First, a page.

With appearances on BET's Rapcity, and numerous DJ gigs for celebrities such as 50 Cent, Michael Jordan and Jamie Foxx, it may be hard to believe David "DJ O.G. ONE" Jackson's day job is mentoring students at Jefferson High School. After all, what else is a world-famous DJ going to do to fill the day?
"The reasons for doing what I do is for the work I do with kids," Jackson/O.G. ONE says sitting in his classroom at Jefferson.
Rubbing shoulders with Jay Z, P.Diddy and NBA players at celebrity-filled events gives Jackson an undeniable influence over the high school students he mentors in his role as an SEI coordinator at the school. He's been doing this full time for the last five years.
"Kids are heavily influenced by the entertainment industry," he said, making it even more important that the messages about life on the street are balanced out with positive messages of giving back to the community. But his efforts to bring about change in the music industry, especially the local music industry, aren't solely based on the message coming out of the speakers, they're based on action. Jackson was the founder of the "Rose City Roundtable" – a collective that aimed to bring Portland's music artist's together to bring positive expression to the city. This spring, Jackson is hoping community goodwill can bring help to low-income families.
Jackson and local artist Kenny Mack of Making It Happen Records, are holding the inaugural "Good Look" Clothing Drive, with a target date set for May 9. The clothing drive aims to collect clothes for 30 to 40 families – or more if they're able to collect enough clothes – to be presented during a banquet with music and other entertainment.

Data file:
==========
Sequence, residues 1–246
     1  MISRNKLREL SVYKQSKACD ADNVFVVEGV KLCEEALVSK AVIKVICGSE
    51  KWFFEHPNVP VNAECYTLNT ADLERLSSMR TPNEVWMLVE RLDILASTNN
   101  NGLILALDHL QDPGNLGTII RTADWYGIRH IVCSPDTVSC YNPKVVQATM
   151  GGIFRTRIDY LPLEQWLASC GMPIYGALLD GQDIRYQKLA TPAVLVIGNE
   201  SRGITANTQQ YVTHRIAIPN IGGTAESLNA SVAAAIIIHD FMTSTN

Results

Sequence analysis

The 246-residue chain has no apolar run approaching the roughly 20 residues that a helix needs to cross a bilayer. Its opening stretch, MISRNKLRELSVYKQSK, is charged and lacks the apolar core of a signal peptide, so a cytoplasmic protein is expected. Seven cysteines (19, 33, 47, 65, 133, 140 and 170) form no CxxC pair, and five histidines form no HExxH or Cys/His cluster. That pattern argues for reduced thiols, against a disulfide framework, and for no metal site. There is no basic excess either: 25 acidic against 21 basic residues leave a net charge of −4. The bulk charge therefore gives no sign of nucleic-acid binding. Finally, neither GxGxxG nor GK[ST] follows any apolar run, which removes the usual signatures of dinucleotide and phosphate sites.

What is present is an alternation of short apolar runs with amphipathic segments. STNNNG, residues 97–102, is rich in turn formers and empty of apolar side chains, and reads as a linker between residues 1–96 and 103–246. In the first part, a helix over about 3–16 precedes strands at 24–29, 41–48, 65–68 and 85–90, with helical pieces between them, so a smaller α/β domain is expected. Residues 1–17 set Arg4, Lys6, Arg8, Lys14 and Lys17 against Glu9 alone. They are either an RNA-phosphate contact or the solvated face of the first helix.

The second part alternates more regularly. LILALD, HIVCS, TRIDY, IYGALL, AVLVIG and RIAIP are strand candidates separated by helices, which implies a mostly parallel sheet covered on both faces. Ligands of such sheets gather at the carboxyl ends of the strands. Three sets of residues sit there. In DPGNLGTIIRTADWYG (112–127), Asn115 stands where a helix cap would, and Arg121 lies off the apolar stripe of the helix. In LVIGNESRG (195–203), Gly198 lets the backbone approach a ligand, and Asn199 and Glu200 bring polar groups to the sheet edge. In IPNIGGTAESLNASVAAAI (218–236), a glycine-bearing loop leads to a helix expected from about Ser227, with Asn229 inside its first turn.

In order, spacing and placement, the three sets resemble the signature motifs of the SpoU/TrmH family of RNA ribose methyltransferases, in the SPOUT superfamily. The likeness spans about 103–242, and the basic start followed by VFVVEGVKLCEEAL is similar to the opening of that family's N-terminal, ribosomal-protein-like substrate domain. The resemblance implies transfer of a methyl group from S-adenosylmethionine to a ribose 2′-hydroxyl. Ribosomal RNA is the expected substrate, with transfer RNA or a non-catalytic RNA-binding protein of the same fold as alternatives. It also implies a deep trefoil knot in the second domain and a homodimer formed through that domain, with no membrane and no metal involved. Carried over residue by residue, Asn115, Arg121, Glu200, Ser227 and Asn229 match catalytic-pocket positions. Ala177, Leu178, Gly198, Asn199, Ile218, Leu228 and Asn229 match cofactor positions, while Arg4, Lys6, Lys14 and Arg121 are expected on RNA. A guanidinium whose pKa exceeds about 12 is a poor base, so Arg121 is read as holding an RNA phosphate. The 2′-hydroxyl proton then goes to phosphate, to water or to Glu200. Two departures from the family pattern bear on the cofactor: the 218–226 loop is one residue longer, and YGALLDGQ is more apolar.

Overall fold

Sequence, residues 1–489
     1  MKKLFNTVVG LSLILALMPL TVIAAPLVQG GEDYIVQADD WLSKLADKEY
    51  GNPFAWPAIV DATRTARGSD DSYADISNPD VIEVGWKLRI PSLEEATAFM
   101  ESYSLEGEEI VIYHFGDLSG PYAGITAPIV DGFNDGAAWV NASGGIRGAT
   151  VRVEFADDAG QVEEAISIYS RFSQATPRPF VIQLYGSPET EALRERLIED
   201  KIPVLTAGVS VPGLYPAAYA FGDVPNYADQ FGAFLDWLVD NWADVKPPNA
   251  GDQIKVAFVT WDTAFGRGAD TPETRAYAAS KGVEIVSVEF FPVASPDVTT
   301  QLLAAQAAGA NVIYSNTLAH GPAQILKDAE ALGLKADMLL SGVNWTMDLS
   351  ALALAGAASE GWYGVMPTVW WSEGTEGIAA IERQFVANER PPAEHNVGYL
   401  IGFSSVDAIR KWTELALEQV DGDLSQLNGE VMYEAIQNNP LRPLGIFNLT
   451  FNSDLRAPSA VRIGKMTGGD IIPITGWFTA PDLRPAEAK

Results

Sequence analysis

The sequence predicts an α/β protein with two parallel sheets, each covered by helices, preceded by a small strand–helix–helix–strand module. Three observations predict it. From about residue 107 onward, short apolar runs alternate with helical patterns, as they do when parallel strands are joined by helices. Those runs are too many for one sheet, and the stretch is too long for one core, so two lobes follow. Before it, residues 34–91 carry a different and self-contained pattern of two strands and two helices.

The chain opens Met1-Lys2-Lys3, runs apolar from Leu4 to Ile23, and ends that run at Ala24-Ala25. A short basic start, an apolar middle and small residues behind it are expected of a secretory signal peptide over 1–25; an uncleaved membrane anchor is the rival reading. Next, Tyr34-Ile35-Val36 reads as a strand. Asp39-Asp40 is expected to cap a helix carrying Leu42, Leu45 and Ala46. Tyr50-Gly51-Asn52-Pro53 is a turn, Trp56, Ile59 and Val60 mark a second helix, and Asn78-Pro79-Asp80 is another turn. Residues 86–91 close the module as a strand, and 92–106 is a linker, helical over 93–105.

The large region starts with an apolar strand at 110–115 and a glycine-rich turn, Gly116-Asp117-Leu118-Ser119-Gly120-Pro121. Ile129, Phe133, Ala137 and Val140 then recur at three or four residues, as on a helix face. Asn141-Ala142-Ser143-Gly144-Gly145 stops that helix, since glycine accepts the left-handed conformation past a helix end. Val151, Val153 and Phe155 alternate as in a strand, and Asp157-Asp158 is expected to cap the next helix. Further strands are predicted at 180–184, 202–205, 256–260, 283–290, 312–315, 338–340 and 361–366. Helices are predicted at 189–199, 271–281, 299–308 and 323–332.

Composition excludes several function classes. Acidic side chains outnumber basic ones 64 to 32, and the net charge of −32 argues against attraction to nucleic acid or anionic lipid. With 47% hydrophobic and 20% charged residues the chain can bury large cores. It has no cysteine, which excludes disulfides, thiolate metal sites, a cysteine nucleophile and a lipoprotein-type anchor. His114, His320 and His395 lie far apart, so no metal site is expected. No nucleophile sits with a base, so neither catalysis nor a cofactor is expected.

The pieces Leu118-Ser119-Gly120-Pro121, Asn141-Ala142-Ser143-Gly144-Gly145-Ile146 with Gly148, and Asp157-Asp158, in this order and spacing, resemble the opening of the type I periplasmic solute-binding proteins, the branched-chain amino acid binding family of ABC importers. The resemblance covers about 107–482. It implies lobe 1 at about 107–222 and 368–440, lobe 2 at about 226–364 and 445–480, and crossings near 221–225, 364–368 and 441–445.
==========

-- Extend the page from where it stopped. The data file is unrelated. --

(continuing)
Using his numerous contacts with social service agencies, Jackson sent out the word that he was looking for families in need of clothing. Unlike many essential goods, quality of clothing has a direct impact on children's self-esteem and self-image, says Jackson.
"When you get good clothes, it makes you feel good," said Jackson, who grew up in Watts wearing hand-me-downs and "$1.99 shoes from K-mart."
The cost of clothes for a family making minimum wage can also be a huge burden on a family's budget, and providing clothes for children can be a huge relief for low-income parent(s).
If you have clothes you'd like to donate, drop off sites include: Terrell Brandon's Barbershop, 1330 N.E. Alberta St.; both Popeye's Chicken locations; The Huddle Sports Bar, 825 N. Killingsworth St.; and other locations soon to be announced.
More information will be available on DJ O.G. One's Web site: www.myspace.com/djogone.